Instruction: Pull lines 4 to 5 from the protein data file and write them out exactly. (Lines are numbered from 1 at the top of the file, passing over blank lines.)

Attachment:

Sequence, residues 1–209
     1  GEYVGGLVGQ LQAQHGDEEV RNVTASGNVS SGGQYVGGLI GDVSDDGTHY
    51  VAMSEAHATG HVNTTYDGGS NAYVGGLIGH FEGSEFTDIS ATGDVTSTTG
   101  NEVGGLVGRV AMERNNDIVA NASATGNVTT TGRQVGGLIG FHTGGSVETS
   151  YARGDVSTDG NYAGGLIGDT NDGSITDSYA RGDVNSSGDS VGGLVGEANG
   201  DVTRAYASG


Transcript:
   101  NEVGGLVGRV AMERNNDIVA NASATGNVTT TGRQVGGLIG FHTGGSVETS
   151  YARGDVSTDG NYAGGLIGDT NDGSITDSYA RGDVNSSGDS VGGLVGEANG